Our conference theme is “50 years of the Clean Air Act and How Traditional Wisdom Can Lead Us Into the Future”. Throughout the NTFAQ conference we will be weaving in the voices of Native youth and elders – a reminder to us all of the importance of the work we do. The tapestry of tribal air quality programs is rich and diverse, much like the traditions and languages of Native American Tribes and Alaskan Native Villages. It is in this spirit that we invite you to join us for the 2021 NTFAQ and say thank you, Mvto (Muscogee), Pilamaya (Lakota), Miigwech (Ojibwe), Wa do (Cherokee), Quyana (Yup’ik), Yokoke (Choctaw), Ahéhee’ (Dine’)!
For questions please email us at NTFAQ@nau.edu.Continue Reading
This webinar on Wildfires and Air Quality is part two of a two-part webinar on wildfires and addressing air impacts. This webinar will focus on the Smoke Sense citizen science project, and the Smoke Ready Communities Research Study. Part one will be/was held on April 8, which focused on AirNow Fire and Smoke Map, and Sensors for Community Smoke Monitoring.
These webinars are part of the U.S. EPA Environmental Justice Webinar Series for Tribes and Indigenous Peoples – to build the capacity of tribal governments, indigenous peoples and other environmental justice practitioners, and discuss priority EJ issues of interest to tribes and indigenous peoples.Continue Reading
This webinar will be focused on the AirNow Fire and Smoke Map, and how air sensors can be used in a community smoke monitor network to measure how much smoke is entering indoor spaces. Part two of the webinar will focus on SmokeSense and Smoke Ready Communities, scheduled for April 21.
These webinars are part of the U.S. EPA Environmental Justice Webinar Series for Tribes and Indigenous Peoples – to build the capacity of tribal governments, indigenous peoples and other environmental justice practitioners, and discuss priority EJ issues of interest to tribes and indigenous peoples.
Lower cost air sensor technologies have flooded the marketplace and are being rapidly adopted by state, tribal and local agencies, community scientists, researchers, health professionals, schools, and many others to measure air quality conditions. Common applications for air sensors include understanding air quality trends, supplemental monitoring, monitor siting, identifying hot spots, monitoring in remote locations, personal monitoring, and educational and environmental awareness. While air sensors have become more widespread, it is commonly known that the data quality from these technologies is highly variable. Consistent testing protocols and target values have not been available to uniformly evaluate and compare different air sensor technologies to better understand their performance in real-world conditions. As a result, there is a lack of confidence in data quality and in selecting sensors that best suit an application of interest.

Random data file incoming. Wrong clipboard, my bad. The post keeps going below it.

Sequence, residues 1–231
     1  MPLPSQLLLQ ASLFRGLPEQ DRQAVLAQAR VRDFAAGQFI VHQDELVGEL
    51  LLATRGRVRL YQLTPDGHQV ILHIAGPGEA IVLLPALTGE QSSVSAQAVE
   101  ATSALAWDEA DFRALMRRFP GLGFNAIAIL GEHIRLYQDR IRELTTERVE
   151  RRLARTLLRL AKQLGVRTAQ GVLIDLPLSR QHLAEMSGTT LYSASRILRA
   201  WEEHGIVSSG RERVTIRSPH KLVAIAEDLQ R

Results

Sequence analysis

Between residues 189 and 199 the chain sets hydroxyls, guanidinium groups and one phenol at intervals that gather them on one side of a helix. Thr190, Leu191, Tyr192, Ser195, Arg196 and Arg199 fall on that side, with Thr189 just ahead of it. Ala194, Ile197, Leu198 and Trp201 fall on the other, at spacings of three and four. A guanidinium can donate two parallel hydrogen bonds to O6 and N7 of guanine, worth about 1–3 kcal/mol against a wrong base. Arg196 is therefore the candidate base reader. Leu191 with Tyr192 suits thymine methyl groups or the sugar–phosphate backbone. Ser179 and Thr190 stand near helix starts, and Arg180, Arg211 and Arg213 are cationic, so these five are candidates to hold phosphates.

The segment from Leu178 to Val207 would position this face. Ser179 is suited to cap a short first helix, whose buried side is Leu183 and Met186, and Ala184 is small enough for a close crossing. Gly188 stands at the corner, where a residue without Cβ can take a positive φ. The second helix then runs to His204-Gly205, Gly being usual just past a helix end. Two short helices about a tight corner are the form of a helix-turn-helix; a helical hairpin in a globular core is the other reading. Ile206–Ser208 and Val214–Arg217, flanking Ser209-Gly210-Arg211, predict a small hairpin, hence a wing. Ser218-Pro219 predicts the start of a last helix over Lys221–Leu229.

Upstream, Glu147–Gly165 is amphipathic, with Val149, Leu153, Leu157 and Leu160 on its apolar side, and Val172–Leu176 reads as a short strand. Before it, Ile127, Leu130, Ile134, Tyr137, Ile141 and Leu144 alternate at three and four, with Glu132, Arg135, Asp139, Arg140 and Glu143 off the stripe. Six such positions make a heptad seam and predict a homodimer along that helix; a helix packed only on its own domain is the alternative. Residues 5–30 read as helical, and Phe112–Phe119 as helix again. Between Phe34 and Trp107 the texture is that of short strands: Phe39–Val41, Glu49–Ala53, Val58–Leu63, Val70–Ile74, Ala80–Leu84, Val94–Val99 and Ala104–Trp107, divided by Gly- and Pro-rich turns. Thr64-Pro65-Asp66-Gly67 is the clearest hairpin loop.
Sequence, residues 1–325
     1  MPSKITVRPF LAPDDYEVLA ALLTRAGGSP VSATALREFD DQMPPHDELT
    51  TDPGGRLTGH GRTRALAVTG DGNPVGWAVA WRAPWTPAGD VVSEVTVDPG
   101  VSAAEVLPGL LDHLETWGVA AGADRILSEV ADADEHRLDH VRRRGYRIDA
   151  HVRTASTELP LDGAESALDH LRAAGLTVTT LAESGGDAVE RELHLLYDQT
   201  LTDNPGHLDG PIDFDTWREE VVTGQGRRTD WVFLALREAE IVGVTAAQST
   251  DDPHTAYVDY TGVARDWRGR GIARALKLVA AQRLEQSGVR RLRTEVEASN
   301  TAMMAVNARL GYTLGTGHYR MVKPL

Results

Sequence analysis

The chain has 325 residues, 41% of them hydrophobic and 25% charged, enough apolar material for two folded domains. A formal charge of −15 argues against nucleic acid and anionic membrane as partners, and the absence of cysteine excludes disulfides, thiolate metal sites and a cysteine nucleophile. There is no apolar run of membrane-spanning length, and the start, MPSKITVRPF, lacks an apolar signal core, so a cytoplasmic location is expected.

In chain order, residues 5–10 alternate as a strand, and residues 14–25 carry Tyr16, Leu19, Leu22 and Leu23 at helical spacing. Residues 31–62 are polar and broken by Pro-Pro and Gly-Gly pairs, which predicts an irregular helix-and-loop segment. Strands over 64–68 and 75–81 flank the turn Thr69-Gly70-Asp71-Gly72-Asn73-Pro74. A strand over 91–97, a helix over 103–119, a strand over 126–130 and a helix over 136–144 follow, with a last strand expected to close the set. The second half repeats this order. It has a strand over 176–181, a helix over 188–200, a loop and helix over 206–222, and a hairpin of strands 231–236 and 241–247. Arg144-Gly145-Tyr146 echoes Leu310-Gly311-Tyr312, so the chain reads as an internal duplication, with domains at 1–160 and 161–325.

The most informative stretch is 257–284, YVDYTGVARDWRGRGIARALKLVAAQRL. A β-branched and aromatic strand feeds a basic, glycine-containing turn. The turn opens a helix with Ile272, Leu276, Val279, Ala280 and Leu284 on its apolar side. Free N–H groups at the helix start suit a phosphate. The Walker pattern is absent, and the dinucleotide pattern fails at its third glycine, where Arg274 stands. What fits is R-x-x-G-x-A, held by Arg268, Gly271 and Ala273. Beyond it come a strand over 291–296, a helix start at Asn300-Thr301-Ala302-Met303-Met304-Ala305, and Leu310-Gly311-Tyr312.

This webinar will highlight two reports developed by EPA’s Office of Research and Development that outline recommended performance testing protocols, metrics, and target values for fine particulate matter (PM2.5) and ozone (O3) air sensors. The reports apply to the use of PM2.5 and O3 air sensor in non-regulatory supplemental and informational monitoring (NSIM) applications in ambient, outdoor, fixed site environments. The anticipated outcomes of this work are to:
- Provide a consistent approach for evaluating air sensor performance and reporting results;
- Help the user community better understand sensor performance;
- Assist the user community in making informed decisions on choosing sensors that appropriately suit their NSIM application; and
- Encourage innovation and product improvement in the marketplace.
The Nelson Institute Center for Sustainability and the Global Environment (SAGE; nelson.wisc.edu/sage) is seeking an Outreach Specialist to manage digital and in-person communication for the NASA Health and Air Quality Applied Science Team (HAQAST.org), organize scientific workshops, and serve as the primary point of contact with NASA and a team of collaborators.
Apply by March 31.Continue Reading
The U.S. Environmental Protection Agency (EPA) and the U.S. Forest Service (USFS) conducted the AirNow Sensor Data Pilot during the 2020 fire season to provide the public with air sensor information on the air pollutant, fine particulate matter (PM2.5), especially during smoke events from fires. The sensor data is shown on the Fire and Smoke Map, part of the popular AirNow.gov website.
The air sensors are among several new additions to the Fire and Smoke Map, made possible with innovative technical approaches developed and applied by EPA to compare sensor data with data from regulatory grade monitors and temporary monitors provided by EPA, USFS, states, tribes and local air quality agencies. This webinar will provide an overview of the AirNow Sensor Data Pilot and the development of the U.S.-wide correction equation for PurpleAir PM2.5 sensor data and its appropriateness for correcting PM2.5 measurements during smoke events.Continue Reading